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What do you call this?

Posted by carolssis (My Page) on
Mon, Feb 20, 06 at 19:24

I suppose I should start at the beginning. We loved each other, I thought. After awhile, I noticed he never called me by my name. Then, I started to realize he always had some critical remark to make about my cooking. Even my little brothers liked my cooking, so I didn't understand. After so many critisisms, I quit cooking. But strangely enough, he buys me a kitchen appliance every Christmas.
Just recently, I became ill, took 3 weeks to finally get a diagnosis, and I had surgery. I know he heard me talking to various people about having surgery, yet he never asked me what was wrong, never offered to drive me to the hospital when I had the surgery, just completely ignored there was anything unusual happening to me. Now, I'm back to work, and still the house is silent. He hasn't spoken to me since the end of December, 2005, when I started to make doctor appointments. My surgery was 3 days before my birthday, not a word on my birthday, no card, no gift, nothing. Has not spoken one word to me in over 50 days. What kind of treatment is this? I know it's some kind of emotional abuse, but am not sure of all the ramifications. Can anyone enlighten me, maybe point me to a book for information? I'm totally lost on this one. I want to move out, but have to get "back on my feet" financially after the surgery, before I can afford to move. I just want to understand what he's doing, maybe figure out why. Anyone have any ideas? Thanks for helping, I know I'll hear from you.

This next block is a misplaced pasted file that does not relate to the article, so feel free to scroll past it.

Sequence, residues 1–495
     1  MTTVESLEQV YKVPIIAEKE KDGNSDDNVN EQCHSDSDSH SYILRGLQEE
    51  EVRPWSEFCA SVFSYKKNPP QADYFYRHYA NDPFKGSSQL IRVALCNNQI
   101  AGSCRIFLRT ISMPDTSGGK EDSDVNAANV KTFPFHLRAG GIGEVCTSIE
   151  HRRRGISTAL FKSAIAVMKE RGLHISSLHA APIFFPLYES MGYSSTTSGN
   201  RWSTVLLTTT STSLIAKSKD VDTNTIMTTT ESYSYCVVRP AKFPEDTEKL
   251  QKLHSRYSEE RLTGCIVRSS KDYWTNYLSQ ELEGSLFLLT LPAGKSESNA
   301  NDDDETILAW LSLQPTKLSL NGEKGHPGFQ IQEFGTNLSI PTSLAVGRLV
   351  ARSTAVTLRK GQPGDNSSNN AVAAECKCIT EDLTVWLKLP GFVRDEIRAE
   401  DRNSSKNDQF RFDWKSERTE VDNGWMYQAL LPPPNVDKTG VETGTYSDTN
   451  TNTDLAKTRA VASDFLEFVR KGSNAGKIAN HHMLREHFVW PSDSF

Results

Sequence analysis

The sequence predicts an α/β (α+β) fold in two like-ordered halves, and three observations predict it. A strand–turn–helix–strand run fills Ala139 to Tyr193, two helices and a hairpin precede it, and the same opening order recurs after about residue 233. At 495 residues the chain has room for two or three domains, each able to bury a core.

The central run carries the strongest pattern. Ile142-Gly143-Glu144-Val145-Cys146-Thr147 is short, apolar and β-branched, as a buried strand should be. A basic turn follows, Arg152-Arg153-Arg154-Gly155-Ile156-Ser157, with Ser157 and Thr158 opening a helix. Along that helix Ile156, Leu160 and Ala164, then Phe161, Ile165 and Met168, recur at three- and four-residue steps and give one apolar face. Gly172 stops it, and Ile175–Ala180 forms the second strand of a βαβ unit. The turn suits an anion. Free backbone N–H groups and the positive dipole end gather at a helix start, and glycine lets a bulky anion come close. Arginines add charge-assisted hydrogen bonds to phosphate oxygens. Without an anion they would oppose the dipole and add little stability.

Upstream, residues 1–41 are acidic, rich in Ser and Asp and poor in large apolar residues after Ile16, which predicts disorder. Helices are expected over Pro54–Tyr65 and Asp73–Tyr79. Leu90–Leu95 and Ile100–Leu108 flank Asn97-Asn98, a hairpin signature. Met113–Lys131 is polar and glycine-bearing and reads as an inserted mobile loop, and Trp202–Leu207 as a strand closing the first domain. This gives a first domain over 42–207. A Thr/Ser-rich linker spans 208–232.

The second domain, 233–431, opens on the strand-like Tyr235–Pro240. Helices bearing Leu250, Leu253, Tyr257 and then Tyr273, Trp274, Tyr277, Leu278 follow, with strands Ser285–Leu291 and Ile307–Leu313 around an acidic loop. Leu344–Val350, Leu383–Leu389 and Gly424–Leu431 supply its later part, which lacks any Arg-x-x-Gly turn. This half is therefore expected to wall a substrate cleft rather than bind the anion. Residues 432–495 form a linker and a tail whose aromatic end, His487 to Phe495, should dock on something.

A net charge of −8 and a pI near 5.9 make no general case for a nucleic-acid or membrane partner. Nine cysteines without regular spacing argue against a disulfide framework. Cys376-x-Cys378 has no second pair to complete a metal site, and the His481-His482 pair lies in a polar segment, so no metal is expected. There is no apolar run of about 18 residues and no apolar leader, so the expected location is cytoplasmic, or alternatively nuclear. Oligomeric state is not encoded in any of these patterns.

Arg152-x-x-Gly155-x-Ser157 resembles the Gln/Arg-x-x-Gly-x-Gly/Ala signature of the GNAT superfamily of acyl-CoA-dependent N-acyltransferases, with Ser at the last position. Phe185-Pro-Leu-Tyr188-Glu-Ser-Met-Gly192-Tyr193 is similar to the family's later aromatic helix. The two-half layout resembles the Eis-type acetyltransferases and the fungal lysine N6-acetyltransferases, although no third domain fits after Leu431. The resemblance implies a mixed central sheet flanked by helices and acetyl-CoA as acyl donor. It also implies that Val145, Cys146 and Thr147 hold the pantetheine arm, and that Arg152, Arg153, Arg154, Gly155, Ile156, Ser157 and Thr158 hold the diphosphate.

Follow-Up Postings:

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RE: What do you call this?

Are you married? Then you are equally responsible for your bills....
Bills, back on my feet....whatever....I would have been out of there months if not years ago. You don't have a marriage....you are just occupying the same space.
Get out! Get out! Get out!
Unless you want to spend the rest of your life in those circumstances.